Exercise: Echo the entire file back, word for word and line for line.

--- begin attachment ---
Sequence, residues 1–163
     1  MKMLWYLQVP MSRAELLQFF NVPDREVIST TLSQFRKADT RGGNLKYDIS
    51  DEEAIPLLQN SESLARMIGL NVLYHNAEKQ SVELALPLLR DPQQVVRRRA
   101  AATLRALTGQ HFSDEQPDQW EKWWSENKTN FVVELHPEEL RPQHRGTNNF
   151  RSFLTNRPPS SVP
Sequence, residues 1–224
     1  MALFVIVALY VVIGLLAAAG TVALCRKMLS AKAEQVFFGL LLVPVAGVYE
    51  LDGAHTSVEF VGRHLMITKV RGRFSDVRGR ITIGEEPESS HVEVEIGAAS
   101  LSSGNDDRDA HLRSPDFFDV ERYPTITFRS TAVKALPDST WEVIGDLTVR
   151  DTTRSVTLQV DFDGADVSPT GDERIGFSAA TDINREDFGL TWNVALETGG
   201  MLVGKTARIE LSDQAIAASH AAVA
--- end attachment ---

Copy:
Sequence, residues 1–163
     1  MKMLWYLQVP MSRAELLQFF NVPDREVIST TLSQFRKADT RGGNLKYDIS
    51  DEEAIPLLQN SESLARMIGL NVLYHNAEKQ SVELALPLLR DPQQVVRRRA
   101  AATLRALTGQ HFSDEQPDQW EKWWSENKTN FVVELHPEEL RPQHRGTNNF
   151  RSFLTNRPPS SVP
Sequence, residues 1–224
     1  MALFVIVALY VVIGLLAAAG TVALCRKMLS AKAEQVFFGL LLVPVAGVYE
    51  LDGAHTSVEF VGRHLMITKV RGRFSDVRGR ITIGEEPESS HVEVEIGAAS
   101  LSSGNDDRDA HLRSPDFFDV ERYPTITFRS TAVKALPDST WEVIGDLTVR
   151  DTTRSVTLQV DFDGADVSPT GDERIGFSAA TDINREDFGL TWNVALETGG
   201  MLVGKTARIE LSDQAIAASH AAVA